NEW DELHI—At a time of global shortages and high prices, India's government has imposed import duties of between $102 and $368/metric ton on 80:20 TDI, the most commonly traded grade of the product.
The tariffs apply to products made specifically by Covestro, Borsodchem and Sadara, as well as imports from the European Union, UAE and Taiwan.
The country's Directorate General of Trade Remedies (DGTR) proposed the tariffs in January after Gujrat Narmada Valley Fertilisers & Chemicals (GNFC), India's only indigenous producer, complained in December 2019.
The duties have been imposed after a six-month period of prices was taken as the basis of the complaint. GNFC argued that duties were needed because "prices from the subject countries declined have declined drastically in a short period and as a result of which the performance of the domestic industry deteriorated drastically." However, it said that "there is no risk on the continuity of business operations" but it was "currently operating with losses, ADD (antidumping duty) will not discourage imports, but it will ensure that imports are a fair-prices and not harming the Indian industry."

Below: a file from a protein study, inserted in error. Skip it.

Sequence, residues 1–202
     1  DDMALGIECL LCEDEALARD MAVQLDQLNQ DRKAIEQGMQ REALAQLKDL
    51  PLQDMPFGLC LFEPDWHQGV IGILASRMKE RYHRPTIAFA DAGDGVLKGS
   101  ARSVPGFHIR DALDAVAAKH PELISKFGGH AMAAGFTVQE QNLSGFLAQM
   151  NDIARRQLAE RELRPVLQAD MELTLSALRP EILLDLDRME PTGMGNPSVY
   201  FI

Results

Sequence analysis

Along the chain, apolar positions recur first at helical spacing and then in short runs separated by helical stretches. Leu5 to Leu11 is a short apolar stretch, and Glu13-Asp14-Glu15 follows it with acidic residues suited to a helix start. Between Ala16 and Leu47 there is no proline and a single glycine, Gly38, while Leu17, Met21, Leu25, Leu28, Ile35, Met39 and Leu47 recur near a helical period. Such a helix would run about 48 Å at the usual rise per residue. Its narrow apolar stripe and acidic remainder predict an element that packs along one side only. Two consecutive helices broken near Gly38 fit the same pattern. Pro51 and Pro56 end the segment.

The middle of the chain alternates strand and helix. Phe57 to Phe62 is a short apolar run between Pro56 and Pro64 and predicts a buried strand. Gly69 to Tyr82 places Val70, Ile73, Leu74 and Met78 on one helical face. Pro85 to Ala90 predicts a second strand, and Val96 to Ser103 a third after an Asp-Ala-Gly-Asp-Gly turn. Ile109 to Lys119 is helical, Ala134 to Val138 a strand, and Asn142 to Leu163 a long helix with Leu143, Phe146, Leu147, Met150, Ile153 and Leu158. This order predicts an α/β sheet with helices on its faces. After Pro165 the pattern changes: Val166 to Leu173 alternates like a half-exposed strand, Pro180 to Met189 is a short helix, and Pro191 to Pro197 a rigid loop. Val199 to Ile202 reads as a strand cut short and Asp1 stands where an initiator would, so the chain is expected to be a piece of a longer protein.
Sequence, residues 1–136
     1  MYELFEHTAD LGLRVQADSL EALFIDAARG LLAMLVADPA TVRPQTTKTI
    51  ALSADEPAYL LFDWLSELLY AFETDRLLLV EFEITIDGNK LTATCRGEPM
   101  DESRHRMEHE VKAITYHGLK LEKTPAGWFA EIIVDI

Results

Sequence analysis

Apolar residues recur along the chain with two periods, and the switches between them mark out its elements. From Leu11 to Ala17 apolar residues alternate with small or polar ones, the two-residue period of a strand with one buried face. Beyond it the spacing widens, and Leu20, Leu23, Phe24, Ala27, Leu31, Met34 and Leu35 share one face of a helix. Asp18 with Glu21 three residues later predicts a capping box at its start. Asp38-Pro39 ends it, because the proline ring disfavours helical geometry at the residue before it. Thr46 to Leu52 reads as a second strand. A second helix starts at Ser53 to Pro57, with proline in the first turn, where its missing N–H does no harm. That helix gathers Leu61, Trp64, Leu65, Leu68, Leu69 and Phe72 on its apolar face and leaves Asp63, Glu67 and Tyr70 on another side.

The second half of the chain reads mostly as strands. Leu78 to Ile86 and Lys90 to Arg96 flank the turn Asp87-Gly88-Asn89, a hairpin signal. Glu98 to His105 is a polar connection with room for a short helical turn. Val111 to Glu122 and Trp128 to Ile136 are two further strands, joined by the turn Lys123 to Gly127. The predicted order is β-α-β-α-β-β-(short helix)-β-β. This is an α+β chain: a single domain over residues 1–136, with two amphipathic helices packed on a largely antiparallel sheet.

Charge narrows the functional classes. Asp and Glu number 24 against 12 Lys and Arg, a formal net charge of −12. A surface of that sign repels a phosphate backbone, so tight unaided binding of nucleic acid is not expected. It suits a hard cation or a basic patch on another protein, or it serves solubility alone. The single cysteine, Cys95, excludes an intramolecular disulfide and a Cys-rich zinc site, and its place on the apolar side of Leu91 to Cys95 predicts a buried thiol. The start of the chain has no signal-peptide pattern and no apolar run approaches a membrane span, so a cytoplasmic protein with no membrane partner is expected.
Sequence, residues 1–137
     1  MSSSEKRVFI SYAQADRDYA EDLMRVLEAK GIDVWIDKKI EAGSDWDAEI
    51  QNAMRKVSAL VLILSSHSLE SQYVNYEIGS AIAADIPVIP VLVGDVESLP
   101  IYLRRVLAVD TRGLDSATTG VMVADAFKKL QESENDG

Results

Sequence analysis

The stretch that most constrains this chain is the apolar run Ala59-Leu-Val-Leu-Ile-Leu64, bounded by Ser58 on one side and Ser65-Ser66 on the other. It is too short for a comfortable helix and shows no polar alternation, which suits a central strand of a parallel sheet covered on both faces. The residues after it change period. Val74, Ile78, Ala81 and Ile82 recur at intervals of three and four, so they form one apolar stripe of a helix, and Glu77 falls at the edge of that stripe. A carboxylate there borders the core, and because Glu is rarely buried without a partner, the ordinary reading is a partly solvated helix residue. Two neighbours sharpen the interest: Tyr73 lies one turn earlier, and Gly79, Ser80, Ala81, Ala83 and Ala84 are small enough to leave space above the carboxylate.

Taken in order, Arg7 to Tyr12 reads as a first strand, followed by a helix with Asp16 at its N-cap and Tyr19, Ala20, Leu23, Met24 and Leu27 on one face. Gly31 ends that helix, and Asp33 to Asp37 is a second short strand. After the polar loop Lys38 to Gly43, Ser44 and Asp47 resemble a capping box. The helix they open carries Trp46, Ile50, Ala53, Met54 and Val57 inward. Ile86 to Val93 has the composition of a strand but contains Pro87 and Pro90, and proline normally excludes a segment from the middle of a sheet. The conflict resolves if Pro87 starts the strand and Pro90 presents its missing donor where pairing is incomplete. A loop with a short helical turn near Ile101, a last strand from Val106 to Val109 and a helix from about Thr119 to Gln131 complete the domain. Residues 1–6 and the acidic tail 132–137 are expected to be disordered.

The importers argued that the six-month period is too short, and a full year should have been taken.
Among the companies facing the duties, Covestro argued that its $20 million investment in a crosslinker plant for TDI at Ankelshwar, Gujarat, no longer will be viable, and the downstream industry would suffer as a result if duties were imposed. The DGTR rejected these and other arguments.